Target Language. The additional language being learned.
First Language. The learners native language.
The ability to treat language as an object separate from the meaning it conveys.
Someone who responds to a learner's language in some way.
The theory of language learning that emphasizes the process of learners' exposure, recognition, association, generalization, pruning and connecting words with objects, experiences, and other words.
Those who acquire a second language around the same time that they are acquiring their first language.
Those who become fluent in a second language after they have already fully acquired their first language.
This form of bilingualism results in a home language that may be delayed or stalled before age-appropriate mastery of new language and negative consequences on self-esteem and relationships with family members.
A form of bilingualism that maintains the home language while the second language is being learned.
Benefits (of additive bilingualism)
Child fully develops the home language. Parents can fully express their knowledge and ideas.
Negative results (of subtractive bilingualism)
Detrimental consequences on self-esteem and relationships with family members.
A common way many people in North America speak to their children which includes a slower speed, a higher pitch, more varied intonation and a stress on key words.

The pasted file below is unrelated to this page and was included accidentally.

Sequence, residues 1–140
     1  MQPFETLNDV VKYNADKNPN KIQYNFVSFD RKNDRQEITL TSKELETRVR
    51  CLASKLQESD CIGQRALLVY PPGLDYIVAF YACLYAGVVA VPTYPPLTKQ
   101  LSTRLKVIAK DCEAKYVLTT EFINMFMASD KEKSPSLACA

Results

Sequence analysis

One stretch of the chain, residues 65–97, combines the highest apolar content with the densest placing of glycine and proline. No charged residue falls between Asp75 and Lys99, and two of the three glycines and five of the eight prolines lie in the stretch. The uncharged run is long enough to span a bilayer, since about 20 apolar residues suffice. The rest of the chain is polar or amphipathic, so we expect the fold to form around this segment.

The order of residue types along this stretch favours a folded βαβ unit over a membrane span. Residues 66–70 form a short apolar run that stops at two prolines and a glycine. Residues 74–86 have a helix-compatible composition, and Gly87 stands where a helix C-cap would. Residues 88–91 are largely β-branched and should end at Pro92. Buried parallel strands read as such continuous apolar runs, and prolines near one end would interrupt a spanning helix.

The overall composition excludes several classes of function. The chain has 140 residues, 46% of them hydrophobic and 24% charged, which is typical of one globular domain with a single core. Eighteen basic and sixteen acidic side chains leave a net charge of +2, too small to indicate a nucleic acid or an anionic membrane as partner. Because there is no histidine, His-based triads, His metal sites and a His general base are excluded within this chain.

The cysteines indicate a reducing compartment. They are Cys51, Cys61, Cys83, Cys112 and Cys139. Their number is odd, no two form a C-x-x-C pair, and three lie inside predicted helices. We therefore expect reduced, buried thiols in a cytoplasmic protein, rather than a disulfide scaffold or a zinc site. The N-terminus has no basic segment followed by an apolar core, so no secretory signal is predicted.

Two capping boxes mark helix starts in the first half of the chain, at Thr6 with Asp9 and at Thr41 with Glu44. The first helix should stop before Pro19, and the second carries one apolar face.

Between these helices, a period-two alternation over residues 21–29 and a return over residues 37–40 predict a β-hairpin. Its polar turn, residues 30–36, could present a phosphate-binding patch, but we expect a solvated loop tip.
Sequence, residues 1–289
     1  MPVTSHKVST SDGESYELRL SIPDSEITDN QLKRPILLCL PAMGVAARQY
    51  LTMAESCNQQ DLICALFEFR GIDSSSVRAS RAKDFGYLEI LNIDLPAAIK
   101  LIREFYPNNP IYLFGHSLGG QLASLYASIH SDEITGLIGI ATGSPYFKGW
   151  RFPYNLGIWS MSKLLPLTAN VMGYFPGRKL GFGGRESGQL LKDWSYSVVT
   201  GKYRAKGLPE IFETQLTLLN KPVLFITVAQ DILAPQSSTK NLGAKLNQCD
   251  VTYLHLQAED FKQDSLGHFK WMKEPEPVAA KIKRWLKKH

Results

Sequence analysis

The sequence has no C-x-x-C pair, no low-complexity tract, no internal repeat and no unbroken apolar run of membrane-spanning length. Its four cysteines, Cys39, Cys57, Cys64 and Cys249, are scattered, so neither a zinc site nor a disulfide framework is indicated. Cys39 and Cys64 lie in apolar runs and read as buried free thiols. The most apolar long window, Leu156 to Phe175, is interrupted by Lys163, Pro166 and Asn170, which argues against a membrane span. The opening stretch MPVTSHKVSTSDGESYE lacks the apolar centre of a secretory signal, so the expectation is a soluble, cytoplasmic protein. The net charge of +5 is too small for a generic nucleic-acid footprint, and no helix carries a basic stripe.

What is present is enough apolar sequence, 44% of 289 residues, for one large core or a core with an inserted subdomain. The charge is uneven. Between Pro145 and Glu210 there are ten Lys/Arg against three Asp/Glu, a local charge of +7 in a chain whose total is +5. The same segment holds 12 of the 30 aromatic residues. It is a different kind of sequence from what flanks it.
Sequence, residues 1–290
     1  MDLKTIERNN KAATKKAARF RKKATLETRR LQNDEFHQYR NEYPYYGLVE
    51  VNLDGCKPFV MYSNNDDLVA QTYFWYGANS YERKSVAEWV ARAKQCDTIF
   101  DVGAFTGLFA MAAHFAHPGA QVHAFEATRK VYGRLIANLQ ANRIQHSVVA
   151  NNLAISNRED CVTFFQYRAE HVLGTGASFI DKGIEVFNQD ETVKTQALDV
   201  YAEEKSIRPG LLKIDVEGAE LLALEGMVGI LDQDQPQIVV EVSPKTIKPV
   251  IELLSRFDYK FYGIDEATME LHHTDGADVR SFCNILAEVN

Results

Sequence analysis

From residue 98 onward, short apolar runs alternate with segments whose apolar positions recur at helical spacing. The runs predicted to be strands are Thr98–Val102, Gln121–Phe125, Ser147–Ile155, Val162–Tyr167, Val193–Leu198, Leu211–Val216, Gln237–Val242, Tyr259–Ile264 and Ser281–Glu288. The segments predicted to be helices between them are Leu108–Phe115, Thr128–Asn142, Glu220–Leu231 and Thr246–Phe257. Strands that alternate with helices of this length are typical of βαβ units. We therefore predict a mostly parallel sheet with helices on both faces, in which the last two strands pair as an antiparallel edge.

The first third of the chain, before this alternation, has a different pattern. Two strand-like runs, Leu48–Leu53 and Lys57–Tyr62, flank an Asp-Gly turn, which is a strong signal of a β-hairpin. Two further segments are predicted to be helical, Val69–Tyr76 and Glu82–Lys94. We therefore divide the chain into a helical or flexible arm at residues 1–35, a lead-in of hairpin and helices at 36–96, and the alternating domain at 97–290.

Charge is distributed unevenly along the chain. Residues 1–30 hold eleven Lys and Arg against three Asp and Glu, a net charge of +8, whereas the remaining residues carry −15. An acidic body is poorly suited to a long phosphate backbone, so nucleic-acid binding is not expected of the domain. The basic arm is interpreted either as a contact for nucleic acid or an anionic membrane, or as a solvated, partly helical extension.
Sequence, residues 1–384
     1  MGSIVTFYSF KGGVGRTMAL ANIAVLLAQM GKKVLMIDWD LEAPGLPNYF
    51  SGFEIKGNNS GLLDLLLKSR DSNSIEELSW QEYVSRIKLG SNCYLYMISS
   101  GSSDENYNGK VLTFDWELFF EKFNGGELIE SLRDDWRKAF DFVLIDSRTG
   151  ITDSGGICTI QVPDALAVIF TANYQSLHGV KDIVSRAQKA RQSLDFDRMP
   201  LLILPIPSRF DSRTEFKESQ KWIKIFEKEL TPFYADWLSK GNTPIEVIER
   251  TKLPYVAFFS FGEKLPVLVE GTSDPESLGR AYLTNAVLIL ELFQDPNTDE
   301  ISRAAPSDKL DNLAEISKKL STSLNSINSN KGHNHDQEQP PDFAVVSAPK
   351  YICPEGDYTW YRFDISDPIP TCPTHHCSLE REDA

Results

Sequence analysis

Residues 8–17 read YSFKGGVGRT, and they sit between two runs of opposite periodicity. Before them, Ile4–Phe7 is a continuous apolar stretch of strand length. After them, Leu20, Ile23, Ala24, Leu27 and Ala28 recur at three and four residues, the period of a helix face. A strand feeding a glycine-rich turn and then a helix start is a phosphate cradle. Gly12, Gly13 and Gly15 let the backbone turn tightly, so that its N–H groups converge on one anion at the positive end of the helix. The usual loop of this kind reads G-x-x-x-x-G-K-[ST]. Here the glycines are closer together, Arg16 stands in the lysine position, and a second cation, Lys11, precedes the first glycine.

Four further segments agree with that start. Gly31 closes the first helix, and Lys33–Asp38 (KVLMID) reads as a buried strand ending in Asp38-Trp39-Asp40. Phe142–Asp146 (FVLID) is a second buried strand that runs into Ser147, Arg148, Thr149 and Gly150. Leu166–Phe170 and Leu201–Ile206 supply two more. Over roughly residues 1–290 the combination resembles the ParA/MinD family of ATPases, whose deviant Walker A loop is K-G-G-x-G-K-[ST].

The language second language learners use that is not the native language and is not the target language.
Describes a person who acquired languages in separate contexts and therefore are presumed to maintain independent linguistic stores.
Describes a person who acquired languages in a joint context and therefore are presumed to store linguistic information interdependently.
marked by normal levels of proficiency in both languages.
Describes achievement in age-appropriate proficiency in one of the two languages. seeks fluency and literacy in both languages, but generally restricts literacy in the mother tongue to subjects related to the ethnic group and its heritage.
the child lacks age-appropriate skills in both languages.
aims to develop both languages for aural-oral skills, but is not concerned with literacy skills in the mother tongue.
aims to develop all skills in both languages in all domains.